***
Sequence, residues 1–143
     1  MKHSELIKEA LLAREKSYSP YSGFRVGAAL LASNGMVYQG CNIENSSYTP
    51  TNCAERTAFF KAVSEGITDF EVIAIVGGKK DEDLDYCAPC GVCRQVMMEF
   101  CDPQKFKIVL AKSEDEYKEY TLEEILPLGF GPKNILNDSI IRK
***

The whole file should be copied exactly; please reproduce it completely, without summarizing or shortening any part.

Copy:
Sequence, residues 1–143
     1  MKHSELIKEA LLAREKSYSP YSGFRVGAAL LASNGMVYQG CNIENSSYTP
    51  TNCAERTAFF KAVSEGITDF EVIAIVGGKK DEDLDYCAPC GVCRQVMMEF
   101  CDPQKFKIVL AKSEDEYKEY TLEEILPLGF GPKNILNDSI IRK